Effective preventive and screening interventions have not been widely adopted in emergency departments (EDs). Barriers to knowledge translation of these initiatives include lack of knowledge of current evidence, perceived lack of efficacy, and resource availability. To address this challenge, the Academic Emergency Medicine 2007 Consensus Conference, "Knowledge Translation in Emergency Medicine: Establishing a Research Agenda and Guide Map for Evidence Uptake," convened a public health focus group. The question this group addressed was "What are the unique contextual elements that need to be addressed to bring proven preventive and other public health initiatives into the ED setting?" Public health experts communicated via the Internet beforehand and at a breakout session during the conference to reach consensus on this topic, using published evidence and expert opinion. Recommendations include 1) to integrate proven public health interventions into the emergency medicine core curriculum, 2) to configure clinical information systems to facilitate public health interventions, and 3) to use ancillary ED personnel to enhance delivery of public health interventions and to obtain successful funding for these initiatives. Because additional research in this area is needed, a research agenda for this important topic was also developed. The ED provides medical care to a unique population, many with increased needs for preventive care. Because these individuals may have limited access to screening and preventive interventions, wider adoption of these initiatives may improve the health of this vulnerable population. [source]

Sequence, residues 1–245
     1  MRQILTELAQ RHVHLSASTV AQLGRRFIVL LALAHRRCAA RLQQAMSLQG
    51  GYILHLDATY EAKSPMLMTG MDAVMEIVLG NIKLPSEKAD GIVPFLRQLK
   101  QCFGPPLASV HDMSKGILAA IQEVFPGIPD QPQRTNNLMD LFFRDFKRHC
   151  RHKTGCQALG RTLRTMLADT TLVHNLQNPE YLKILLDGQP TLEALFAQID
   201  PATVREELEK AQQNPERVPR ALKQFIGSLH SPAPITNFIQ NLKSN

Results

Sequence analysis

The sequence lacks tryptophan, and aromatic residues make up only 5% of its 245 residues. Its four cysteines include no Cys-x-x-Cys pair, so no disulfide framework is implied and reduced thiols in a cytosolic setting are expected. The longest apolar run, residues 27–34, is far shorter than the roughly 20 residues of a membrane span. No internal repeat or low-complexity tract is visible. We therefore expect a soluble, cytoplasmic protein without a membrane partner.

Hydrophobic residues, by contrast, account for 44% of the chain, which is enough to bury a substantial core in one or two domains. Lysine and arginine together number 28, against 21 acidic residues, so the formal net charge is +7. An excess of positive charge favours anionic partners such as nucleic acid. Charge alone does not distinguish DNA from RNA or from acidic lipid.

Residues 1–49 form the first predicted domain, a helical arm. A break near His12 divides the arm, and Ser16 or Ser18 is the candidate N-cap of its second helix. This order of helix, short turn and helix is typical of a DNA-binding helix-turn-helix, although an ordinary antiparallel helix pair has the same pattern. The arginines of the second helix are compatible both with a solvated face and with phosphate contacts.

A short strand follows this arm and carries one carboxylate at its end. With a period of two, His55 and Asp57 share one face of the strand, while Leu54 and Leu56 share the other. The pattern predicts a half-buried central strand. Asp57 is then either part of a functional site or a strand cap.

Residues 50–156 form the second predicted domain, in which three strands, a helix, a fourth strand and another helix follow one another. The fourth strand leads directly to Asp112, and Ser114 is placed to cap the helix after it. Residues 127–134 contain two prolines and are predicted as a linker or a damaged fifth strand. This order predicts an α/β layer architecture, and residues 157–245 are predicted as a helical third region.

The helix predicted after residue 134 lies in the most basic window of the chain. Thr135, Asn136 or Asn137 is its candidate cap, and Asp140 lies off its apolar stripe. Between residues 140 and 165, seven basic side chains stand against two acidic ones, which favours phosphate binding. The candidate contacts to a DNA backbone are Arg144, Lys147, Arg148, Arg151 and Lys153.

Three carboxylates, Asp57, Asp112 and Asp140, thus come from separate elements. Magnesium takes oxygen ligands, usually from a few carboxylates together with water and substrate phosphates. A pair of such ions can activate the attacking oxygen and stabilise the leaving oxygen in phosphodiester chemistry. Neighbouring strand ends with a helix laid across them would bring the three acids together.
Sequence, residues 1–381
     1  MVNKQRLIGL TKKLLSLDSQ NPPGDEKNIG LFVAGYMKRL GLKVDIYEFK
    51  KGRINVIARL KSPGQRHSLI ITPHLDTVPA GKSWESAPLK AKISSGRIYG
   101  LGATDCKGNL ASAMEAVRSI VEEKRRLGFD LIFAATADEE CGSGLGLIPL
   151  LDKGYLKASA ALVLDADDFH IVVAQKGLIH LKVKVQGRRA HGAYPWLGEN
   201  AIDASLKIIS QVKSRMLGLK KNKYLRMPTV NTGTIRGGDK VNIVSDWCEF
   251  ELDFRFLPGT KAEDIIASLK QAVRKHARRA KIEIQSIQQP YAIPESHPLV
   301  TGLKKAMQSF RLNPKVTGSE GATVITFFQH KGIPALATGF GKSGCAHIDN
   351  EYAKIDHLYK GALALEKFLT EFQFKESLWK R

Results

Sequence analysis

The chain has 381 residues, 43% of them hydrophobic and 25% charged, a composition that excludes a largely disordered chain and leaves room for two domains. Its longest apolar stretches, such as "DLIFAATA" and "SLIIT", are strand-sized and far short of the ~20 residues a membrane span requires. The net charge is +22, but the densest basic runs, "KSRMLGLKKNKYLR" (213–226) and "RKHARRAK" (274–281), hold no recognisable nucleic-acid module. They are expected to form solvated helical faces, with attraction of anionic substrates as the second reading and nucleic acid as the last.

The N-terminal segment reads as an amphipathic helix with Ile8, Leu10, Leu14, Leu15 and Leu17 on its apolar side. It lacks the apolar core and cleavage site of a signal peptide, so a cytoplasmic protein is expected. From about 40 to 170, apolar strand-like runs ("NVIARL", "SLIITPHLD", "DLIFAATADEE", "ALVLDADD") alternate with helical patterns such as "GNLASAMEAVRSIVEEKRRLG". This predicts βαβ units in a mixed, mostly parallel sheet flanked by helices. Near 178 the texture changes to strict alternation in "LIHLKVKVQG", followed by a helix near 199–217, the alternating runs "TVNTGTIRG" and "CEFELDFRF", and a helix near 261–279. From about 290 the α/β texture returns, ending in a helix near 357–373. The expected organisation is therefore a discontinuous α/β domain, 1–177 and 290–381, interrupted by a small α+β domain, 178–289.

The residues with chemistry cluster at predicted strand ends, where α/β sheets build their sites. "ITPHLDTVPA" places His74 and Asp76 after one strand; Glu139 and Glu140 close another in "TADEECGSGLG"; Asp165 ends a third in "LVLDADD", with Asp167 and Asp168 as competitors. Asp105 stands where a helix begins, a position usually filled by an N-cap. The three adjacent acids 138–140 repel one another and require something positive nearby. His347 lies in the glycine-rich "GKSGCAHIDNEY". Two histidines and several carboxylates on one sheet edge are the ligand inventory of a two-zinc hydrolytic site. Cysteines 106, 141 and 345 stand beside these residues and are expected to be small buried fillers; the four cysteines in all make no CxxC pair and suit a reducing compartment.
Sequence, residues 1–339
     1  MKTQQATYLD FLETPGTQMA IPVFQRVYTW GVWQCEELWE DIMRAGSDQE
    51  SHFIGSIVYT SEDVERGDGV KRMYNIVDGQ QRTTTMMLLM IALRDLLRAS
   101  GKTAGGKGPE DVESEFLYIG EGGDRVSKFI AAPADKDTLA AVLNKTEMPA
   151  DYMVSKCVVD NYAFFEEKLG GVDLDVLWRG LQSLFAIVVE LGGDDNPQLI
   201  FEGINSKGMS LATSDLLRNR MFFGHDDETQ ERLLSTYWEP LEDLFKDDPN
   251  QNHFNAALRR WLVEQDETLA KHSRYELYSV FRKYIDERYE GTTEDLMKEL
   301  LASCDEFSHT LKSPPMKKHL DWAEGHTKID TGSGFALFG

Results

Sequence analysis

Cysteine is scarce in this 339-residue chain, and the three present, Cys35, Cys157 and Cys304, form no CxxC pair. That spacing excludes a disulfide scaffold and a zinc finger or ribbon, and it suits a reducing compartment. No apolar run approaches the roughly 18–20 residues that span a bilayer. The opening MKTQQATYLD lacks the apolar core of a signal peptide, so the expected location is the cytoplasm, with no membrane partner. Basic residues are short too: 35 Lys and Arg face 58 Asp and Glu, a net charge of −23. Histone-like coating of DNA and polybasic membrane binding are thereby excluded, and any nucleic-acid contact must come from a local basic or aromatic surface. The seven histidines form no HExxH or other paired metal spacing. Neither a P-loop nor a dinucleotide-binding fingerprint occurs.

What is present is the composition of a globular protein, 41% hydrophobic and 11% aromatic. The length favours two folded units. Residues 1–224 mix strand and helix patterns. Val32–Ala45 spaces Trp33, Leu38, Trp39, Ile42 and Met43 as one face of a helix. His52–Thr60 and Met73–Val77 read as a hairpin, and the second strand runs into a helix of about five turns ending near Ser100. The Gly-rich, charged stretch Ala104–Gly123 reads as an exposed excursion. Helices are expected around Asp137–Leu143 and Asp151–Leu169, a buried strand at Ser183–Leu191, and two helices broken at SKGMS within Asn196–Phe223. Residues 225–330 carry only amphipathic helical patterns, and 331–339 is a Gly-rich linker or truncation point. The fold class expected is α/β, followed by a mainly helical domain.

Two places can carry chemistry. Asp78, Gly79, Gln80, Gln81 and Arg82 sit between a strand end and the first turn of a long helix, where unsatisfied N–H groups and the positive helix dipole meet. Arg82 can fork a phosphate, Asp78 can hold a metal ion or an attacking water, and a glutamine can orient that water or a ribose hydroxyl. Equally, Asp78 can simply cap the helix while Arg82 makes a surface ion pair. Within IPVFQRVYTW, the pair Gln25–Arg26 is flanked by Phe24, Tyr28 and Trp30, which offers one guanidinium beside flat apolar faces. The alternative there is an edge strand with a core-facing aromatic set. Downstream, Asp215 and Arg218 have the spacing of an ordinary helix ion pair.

Knowledge Translation at the Macro Level: Legal and Ethical Considerations

ACADEMIC EMERGENCY MEDICINE, Issue 11 2007
Gregory Luke Larkin MD, MSPH